Similar condemnation featured prominently on local and national radio stations and so, finally, belatedly, editor Salie blinked – the Cape Times could remain silent no longer about the assault on Max Price, could no longer deliberately withhold this truth from its readers.
The following day, Wednesday 11 November, the Cape Times published a small article by Petersen not much bigger than your hand, in the middle of the page in the middle of the newspaper.
What does the rest of the world make of this?
After Ntokozo Qwabe, the leader of the #Rhodes must fall movement at Oxford University bragged on social media recently about how he had racially baited and humiliated Ashleigh Schultz, a white woman who works as a waitress to support her mother who is suffering from terminal cancer, donations to her poured in from all over the world and by 2 May had reached R100 000.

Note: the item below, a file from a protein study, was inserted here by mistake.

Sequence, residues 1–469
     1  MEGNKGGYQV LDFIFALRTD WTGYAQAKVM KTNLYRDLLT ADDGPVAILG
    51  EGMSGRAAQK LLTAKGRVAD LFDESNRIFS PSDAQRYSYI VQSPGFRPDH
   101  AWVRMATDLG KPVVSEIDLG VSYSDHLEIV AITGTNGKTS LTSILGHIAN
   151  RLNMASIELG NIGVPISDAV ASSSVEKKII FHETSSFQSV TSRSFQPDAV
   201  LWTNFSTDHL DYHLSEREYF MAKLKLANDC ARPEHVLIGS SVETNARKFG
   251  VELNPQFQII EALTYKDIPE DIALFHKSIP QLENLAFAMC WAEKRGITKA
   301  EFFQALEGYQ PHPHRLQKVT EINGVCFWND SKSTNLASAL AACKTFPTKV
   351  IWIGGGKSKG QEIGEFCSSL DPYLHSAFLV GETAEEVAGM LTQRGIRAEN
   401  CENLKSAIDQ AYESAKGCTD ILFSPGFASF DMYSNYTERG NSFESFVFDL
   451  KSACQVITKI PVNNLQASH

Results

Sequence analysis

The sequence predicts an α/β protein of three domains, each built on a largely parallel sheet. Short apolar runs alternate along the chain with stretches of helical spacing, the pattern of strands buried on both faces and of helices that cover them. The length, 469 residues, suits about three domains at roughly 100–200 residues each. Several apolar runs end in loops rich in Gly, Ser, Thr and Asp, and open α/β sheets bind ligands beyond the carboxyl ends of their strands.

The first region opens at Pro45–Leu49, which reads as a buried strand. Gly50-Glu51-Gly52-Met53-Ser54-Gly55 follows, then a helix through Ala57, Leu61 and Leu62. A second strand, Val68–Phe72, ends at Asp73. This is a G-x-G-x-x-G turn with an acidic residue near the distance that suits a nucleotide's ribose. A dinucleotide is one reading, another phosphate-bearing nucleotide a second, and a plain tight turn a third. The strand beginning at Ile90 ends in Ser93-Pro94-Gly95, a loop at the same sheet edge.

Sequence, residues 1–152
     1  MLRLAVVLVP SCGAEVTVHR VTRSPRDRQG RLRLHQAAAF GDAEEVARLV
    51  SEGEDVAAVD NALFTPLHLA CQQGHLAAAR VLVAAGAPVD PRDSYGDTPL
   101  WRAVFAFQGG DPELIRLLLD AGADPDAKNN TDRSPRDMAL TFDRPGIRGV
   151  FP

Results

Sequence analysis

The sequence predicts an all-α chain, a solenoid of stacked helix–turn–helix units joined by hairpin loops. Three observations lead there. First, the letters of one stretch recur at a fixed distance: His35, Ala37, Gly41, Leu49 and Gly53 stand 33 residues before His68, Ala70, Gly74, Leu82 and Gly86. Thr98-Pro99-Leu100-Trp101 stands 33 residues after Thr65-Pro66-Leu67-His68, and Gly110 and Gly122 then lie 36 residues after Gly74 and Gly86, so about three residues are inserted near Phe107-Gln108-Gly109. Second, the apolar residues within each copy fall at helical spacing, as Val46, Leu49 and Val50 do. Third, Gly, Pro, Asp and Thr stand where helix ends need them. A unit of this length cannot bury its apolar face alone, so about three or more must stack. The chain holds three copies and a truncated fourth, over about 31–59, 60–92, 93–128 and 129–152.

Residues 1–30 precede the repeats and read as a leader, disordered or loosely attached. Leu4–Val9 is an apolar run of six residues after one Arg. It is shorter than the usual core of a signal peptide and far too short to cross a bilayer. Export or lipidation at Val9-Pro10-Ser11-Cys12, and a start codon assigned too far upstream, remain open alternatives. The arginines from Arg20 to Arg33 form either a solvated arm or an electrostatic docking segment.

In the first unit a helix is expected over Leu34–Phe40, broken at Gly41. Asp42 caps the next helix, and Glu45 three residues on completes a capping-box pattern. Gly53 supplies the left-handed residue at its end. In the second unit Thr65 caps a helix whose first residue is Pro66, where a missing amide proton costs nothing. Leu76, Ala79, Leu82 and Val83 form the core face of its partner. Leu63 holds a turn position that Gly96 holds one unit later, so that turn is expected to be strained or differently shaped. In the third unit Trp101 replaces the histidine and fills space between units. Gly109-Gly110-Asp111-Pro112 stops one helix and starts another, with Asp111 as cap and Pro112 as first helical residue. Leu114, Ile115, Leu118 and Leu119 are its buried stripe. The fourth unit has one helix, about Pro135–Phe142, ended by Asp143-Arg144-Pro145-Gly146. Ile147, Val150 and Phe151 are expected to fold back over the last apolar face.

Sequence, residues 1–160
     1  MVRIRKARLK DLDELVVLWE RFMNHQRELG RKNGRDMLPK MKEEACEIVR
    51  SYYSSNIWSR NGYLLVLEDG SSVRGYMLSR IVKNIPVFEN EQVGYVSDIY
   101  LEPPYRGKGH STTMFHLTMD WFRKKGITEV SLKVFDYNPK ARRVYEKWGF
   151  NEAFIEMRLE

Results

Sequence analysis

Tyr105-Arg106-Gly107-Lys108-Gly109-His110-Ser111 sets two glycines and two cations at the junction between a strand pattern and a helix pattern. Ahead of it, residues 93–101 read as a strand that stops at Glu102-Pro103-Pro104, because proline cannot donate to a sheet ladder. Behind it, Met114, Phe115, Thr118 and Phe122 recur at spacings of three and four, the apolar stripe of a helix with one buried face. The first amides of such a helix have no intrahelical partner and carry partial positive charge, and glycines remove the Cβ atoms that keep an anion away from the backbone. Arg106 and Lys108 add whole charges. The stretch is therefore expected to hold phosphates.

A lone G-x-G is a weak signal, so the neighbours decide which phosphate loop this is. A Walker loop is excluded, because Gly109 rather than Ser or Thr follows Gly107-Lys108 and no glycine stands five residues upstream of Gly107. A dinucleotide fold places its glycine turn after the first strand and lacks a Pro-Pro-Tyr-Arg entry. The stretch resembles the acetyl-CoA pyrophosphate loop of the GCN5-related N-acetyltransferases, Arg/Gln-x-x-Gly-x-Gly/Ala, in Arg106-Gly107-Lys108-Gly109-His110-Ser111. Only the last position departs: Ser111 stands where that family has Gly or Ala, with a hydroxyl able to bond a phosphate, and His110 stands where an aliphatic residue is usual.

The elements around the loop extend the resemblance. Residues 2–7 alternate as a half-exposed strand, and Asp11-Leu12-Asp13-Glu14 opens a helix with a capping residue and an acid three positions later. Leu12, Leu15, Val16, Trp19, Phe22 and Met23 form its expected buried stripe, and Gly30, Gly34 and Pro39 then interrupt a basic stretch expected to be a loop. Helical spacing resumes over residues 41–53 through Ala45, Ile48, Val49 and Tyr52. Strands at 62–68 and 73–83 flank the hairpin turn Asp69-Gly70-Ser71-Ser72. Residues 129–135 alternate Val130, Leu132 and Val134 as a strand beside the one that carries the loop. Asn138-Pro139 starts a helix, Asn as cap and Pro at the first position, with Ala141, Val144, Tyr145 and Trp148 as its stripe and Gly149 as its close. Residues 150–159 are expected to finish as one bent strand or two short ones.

On 2 May Die Burger, the Afrikaans morning newspaper in Cape Town, made this story its front page lead.
On 2 May the Cape Times, the English morning newspaper in Cape Town, carried a brief article by Carlo Petersen at the bottom of page 3. Much of the article was devoted to social media comments in support of Qwabe and what he had done.
In January last year the senior news executives at Sekunjalo, Karima Brown and Vukani Mde, attended an ANC rally clad in ANC regalia.
On May 5 this year they took the logical next step and, for the first time in its 146 year history, the Cape Times was entirely cloaked in the colours of a political party – a wraparound promoting the ANC Women’s League.
Over the next few days the Labour Court in Cape Town will hear evidence being led about how Sekunjalo treats it staff.
Portents of the coming denouement have been obvious from the start.
- Ed Herbst is a pensioner and former reporter who writes in his own capacity